11. An annular end member according to claim 6 wherein said end member has an internal diameter in the range of from about 3 to about 6 inches, an outer diameter in the range of from about 3.5 to about 7 inches, and a length in the range of from about 1.5 to about 6 inches, said lugs each have a height above the outer annular surface in the range of from about 0.2 to about 1 inch, a circumferential width in the range of from about 0.75 to about 3 inches and an axial length in the range of from about 0.5 to about 4 inches, and said notches have a circumferential width in the range of from about 0.25 to about 1 inch and an axial length in the range of from about 0.5 to about 4 inches.
12. An annular end member according to claim 11 wherein the first mentioned pair of notches has a different width from the further pair of notches.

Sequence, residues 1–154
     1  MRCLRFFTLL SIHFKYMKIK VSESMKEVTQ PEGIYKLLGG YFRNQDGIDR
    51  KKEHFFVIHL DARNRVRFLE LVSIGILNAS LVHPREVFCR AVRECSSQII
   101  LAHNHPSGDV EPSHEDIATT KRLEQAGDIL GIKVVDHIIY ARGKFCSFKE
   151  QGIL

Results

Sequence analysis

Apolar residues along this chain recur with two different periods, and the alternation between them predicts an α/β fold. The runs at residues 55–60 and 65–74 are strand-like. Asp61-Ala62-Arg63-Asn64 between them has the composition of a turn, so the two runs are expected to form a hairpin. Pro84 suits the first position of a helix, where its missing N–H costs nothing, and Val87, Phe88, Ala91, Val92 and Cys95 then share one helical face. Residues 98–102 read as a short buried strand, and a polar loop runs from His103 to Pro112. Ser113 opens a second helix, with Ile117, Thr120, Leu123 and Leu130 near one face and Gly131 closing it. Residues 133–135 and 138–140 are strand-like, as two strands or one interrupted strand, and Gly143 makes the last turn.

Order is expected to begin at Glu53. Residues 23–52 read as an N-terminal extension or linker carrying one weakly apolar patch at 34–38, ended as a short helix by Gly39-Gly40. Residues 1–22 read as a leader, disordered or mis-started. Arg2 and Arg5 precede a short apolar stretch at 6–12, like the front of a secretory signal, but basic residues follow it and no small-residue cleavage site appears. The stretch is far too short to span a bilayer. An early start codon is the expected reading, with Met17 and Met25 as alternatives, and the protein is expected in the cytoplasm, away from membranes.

13. An annular end member according to claim 11 also having a further pair of radially-projecting lugs each located immediately radially outwardly of a respective one of the first mentioned pair of notches for engagement in a further pair of notches in the core member.
14. An annular end member according to claim 11 wherein the inner annular surface of said end member has a rearwardly facing annular shoulder at a junction of a forward portion of smaller inner diameter and a rear portion of larger inner diameter.
15. An annular end member according to claim 14 wherein the junction is aligned with the inner ends of the lugs and notches.
Description

This invention relates to tubular core assemblies for rolls of paper or other sheet material.